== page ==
UPPER TOWNSHIP, N.J. (AP) — Vacationers traveling to the New Jersey beach resorts of Ocean City and Cape May have long admired the towering chimney of the BL England Generating Station as they drive past it on the Garden State Parkway.Thank you for reading this post, don't forget to subscribe!
The 463-foot-tall (141.1 m) stack served as a local landmark and even a weather indicator for some residents, who observed it from outside to determine the direction and speed of emissions flowing from its top, helping them decide what to wear for the day.
However, the power plant, which combusted coal and oil for many years, ceased operations in May 2019 as a result of the global shift away from fossil fuel consumption.
The smokestack, the last significant remaining structure of the facility, was demolished on Thursday morning using 350 pounds of explosives strategically positioned by a demolition company, recognized in the area for demolishing the former Trump Plaza casino in nearby Atlantic City in 2021.
At 10 a.m., a loud explosion was heard as a crowd of over 100 spectators observed from a nearby pier, with additional onlookers aboard at least 50 boats moored at a safe distance in the bay. The chimney rapidly leaned away from the water and collapsed in a cloud of dust.
“Everything went precisely as planned and as expected,” stated Chad Parks, a spokesperson for the property’s owner, Beasley Point Development Group, a New York firm that specializes in revitalizing “distressed” heavy industrial sites.
Two smaller structures, a gypsum silo and a portion of the former power plant, will be demolished using heavy equipment situated on the ground.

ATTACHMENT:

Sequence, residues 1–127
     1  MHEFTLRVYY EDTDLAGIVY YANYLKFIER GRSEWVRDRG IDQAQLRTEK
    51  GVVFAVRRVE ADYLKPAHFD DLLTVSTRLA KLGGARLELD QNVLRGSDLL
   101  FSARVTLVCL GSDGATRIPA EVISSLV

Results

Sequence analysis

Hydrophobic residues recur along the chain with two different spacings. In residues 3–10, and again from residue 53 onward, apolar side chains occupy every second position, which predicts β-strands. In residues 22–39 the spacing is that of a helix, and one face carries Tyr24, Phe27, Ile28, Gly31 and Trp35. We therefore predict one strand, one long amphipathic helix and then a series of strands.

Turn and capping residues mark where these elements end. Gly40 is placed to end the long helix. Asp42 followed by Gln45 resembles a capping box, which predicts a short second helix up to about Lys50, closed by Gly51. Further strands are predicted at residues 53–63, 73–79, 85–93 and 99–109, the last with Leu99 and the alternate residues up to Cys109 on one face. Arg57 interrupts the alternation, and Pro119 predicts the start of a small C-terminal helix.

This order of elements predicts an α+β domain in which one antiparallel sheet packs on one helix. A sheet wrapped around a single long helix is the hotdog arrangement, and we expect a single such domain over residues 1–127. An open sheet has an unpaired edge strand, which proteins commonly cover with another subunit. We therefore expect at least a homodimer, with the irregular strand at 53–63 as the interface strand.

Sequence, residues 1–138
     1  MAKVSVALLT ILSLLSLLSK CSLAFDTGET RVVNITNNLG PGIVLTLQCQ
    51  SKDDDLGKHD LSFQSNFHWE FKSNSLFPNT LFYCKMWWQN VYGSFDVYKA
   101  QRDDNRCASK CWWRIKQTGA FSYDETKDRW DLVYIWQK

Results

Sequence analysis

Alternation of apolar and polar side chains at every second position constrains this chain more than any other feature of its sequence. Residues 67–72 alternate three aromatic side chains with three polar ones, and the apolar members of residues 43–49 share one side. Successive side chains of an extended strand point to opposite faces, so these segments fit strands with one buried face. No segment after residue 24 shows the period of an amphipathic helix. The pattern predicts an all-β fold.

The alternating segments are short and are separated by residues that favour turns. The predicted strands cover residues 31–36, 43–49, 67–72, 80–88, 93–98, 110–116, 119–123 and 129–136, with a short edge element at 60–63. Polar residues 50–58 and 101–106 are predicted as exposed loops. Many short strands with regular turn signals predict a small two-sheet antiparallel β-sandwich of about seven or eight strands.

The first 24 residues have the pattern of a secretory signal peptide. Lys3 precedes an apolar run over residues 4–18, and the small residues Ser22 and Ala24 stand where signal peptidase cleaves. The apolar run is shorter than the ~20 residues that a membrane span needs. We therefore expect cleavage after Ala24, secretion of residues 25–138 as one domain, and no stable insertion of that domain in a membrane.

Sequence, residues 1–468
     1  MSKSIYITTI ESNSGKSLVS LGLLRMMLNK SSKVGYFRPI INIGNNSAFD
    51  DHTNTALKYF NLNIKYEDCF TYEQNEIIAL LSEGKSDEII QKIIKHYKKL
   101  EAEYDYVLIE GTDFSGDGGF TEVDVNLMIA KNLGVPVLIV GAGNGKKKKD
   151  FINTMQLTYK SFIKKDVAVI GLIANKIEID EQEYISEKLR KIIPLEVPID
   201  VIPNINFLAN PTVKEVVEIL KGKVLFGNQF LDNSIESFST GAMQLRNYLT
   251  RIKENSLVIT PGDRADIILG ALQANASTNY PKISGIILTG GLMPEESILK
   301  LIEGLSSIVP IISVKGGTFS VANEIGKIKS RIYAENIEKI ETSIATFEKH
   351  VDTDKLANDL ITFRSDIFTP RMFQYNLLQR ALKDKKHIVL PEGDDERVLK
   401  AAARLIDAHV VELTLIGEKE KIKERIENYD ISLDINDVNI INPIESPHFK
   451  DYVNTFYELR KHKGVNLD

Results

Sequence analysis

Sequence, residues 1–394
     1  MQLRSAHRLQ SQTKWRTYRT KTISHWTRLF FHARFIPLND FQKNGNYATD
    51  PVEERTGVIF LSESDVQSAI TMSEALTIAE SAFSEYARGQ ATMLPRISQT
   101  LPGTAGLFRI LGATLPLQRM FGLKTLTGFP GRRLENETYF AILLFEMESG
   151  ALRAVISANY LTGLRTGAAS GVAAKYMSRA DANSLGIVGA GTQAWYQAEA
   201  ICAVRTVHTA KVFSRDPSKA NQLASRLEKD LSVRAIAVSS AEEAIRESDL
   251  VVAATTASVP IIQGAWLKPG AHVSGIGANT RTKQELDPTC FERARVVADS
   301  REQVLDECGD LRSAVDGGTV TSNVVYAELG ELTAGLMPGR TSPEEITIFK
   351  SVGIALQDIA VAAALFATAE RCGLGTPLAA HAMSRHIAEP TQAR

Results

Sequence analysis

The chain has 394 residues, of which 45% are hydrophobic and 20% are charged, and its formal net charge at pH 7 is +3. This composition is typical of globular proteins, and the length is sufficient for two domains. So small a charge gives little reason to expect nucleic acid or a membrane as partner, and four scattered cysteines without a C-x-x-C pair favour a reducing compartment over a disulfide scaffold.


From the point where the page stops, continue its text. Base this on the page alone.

The demolition paves the way for the waterfront site on Great Egg Harbor Bay to fulfill its next role in supplying energy to New Jersey residents: serving as a connection point for the state’s numerous planned offshore wind farms. Additionally, the site will be developed as a mixed-use complex encompassing a hotel, marina, restaurants, shops, and residential units.
Due to the power plant’s existing connections to the electric grid, a significant amount of infrastructure to integrate offshore wind power into the system already existed in a nearby substation, making it a logical choice for bringing offshore wind energy to shore.
A cable from the initial wind farm, to be constructed by energy company Ørsted, will come ashore at a beach in Ocean City, travel underground along a roadway, and then reenter the Gulf waters before ultimately connecting to the grid at the former BL England site.
This route, as well as the project’s very existence, has generated substantial opposition from Ocean City and other Jersey Shore communities. Residents are contesting the project both in court and in the court of public opinion.
The power plant commenced operations in 1961. A cooling tower at the site was demolished in September 2022, and a boiler was demolished in April.
Follow Wayne Parry on X, formerly known as Twitter, at www.twitter.com/WayneParryAC
Wayne Perry, The Associated Press